I’m Angela Maria Therese Marinelli- baptized & raised Catholic. I think it’s fun to know all my friends’ confirmation names and I like celebrating St. Therese’s feast day more than my birthday. The word “testimony” simply terrifies me and I can’t say this one is whole. But it’s a small piece of my lifelong journey of opening the door to Christ and reconciling the knowledge of His love in my mind with my heart.
For as long as I can remember, I’ve always been known to people as the “good Catholic girl.” I liked it, I never had a problem with it. But my biggest fear was that I’d be known as the “good Catholic girl” but too afraid to truly live up to the name. I’ve always “known” Christ’s love for me, but I never fully understood it. I never even realized there was a disconnect between what I knew with my mind and what I knew with my heart.
It was easy for me to grasp the teachings of the Church- it was easy for me to get straight A’s in religion class, and easy for me memorize everything about who Jesus is. Because of that, it was also easy to keep Christ at a distance- always just a little too far away to fully capture my heart. He was always on my mind but never in my heart.
There’s a painting of Christ outside, knocking at a door where there’s only a door knob on the inside. My religion teacher, senior year of high school showed it to us at least once a week, reminding us that each of us is the only one who can open the door to Him. I never thought much of it because I didn’t think that was something I needed to question- of course I opened the door for Him, I wouldn’t leave Him out in the cold!
But I never opened the door for Him… it was always just a window. He never came in because I didn’t let Him. Yet I still allowed myself to think that I trusted Him. After all, I could still see Him. It’s not like I closed the blinds. I was in this middle ground where I knew Christ loved me and I knew whatever Church teachings you wanted me to explain, but I couldn’t answer with a pure heart who Christ was to me.
I could tell everybody who Christ was to them and why they should love Him. But I couldn’t understand that He was those same things for me. Towards the beginning of my freshman year of college, a dear family friend passed away. He was the “big brother” my sisters and I never had. A few weeks before, he had asked me to make him a rosary, but I never had time to make it. On the day of his viewing (the feast of Our Lady of the Rosary), I made the rosary and gave it to his best friend, someone I had never met. A simple conversation with a stranger helped me realized that my biggest fear was slowly becoming a reality in the relationship and friendships I was involving myself in. I needed the guidance of a protective big brother and I felt like I just lost mine.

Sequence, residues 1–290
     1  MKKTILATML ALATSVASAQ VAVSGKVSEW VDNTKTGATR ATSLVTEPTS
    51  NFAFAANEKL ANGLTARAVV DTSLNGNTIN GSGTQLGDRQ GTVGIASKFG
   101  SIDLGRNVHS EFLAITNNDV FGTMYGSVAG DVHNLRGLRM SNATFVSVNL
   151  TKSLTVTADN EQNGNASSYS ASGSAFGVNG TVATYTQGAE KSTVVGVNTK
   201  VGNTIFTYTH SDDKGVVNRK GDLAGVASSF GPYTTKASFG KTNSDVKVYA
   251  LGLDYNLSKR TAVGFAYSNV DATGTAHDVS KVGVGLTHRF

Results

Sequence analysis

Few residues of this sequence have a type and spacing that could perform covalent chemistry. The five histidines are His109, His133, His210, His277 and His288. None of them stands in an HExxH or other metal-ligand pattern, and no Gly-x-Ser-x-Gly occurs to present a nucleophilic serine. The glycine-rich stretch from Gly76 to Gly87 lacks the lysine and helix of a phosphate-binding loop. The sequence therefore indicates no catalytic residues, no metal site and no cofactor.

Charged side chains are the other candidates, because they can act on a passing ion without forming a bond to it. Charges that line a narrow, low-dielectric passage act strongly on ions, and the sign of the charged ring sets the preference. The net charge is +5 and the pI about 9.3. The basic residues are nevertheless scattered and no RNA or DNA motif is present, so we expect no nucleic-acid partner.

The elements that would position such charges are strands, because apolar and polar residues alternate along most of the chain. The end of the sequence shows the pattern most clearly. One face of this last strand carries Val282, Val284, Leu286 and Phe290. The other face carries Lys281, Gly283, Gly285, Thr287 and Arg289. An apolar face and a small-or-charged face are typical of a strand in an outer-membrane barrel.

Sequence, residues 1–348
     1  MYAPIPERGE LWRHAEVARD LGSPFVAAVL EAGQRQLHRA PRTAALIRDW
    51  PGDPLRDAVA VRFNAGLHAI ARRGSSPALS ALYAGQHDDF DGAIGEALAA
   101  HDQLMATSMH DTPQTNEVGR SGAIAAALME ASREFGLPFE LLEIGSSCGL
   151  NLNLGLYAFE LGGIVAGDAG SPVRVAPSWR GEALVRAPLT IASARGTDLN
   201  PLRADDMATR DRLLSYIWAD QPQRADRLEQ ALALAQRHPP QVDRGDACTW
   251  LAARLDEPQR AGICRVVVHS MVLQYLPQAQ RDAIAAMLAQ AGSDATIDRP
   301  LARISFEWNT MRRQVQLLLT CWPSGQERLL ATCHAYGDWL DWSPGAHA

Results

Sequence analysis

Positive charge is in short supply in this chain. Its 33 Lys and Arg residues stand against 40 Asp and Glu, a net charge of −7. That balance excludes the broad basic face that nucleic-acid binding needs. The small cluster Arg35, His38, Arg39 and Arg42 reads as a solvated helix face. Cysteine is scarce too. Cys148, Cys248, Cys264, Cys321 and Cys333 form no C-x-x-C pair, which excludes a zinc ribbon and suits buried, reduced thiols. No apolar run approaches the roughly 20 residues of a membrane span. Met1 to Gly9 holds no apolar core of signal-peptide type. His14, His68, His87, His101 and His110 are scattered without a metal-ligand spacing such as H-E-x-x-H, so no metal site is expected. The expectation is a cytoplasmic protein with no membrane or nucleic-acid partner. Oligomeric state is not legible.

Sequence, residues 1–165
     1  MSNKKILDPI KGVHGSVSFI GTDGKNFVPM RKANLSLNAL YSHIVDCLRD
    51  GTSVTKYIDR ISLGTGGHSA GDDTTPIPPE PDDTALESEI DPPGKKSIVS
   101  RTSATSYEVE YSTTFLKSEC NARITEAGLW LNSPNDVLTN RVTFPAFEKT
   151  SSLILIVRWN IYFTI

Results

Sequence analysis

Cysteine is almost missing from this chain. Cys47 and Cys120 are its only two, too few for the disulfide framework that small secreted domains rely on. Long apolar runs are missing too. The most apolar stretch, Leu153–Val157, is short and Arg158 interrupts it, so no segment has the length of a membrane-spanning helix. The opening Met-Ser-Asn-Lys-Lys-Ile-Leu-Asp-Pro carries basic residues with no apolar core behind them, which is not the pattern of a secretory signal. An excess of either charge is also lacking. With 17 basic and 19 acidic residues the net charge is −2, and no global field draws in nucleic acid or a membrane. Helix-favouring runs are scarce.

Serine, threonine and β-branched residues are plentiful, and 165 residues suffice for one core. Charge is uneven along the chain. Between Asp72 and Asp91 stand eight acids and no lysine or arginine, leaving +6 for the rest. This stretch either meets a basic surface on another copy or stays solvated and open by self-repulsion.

A month later I started preparing to consecrate myself to Jesus through Mary on the feast of the Immaculate Conception. On the last day of the preparation, late at night in the Chapel, I finally opened the door for Him. I finally understood who Jesus was to me. It’s a simple, childlike answer and it’s not a complicated groundbreaking theological doctrine, but it’s exactly what I needed to understand- He’s the protective big brother I always wanted. I’ve always had Him and I always will. That night He taught me everything I think a big brother would have. He gave me the safety I longed for and the protection I needed. He told me all the things I’ve always told my friends.
He taught me I’m beautiful simply because of who I am, not what I look like or what I can do. He taught me that He’s the only man I belong to. He helped me realize how much more I deserve than what I had in the relationship and friendships I was in. He filled my heart with courage to make changes that were necessary to become the woman He’s calling me to be. He also showed me the necessity of relying on the Church. He’s acting through each and every one of us. I felt His hand reaching out to hold me through one of His children.
I learned that true strength is not found in denying our fragility and swallowing our tears, but in offering our fragile selves to Him with tears in our eyes. We don’t need to be perfect to give Him our hearts. I always wanted to give Him only the best gift, I thought He deserved only the best- and the best gift was never me if I wasn’t perfect. But that’s not true. He’s the one that changes us into the best gift. And we can’t be the best gift for others if we don’t allow Him to transform us.He’s always waiting at the door of your heart. My door had/has about 9,718,263 pure steel, deadbolt locks…approximately. Probably more. And I think every time I unlock one of them, there’s always one more to unlock for Him. He deserves to be fully in our hearts and He’ll wait as long as it takes to be.
I hope you thank your big brothers today for acting as Christ to you, and thank Christ today for always being your protective big brother.
One of God’s Daughters.
Angela is a senior at Mount St. Mary’s University, double majoring in Accounting & Math. She likes drinking coffee, baking, making rosaries, sewing, crocheting and a lot of other stereotypical-grandma hobbies. She’s thankful for the creativity God’s given her and she enjoys sharing His love with others in small and simple ways.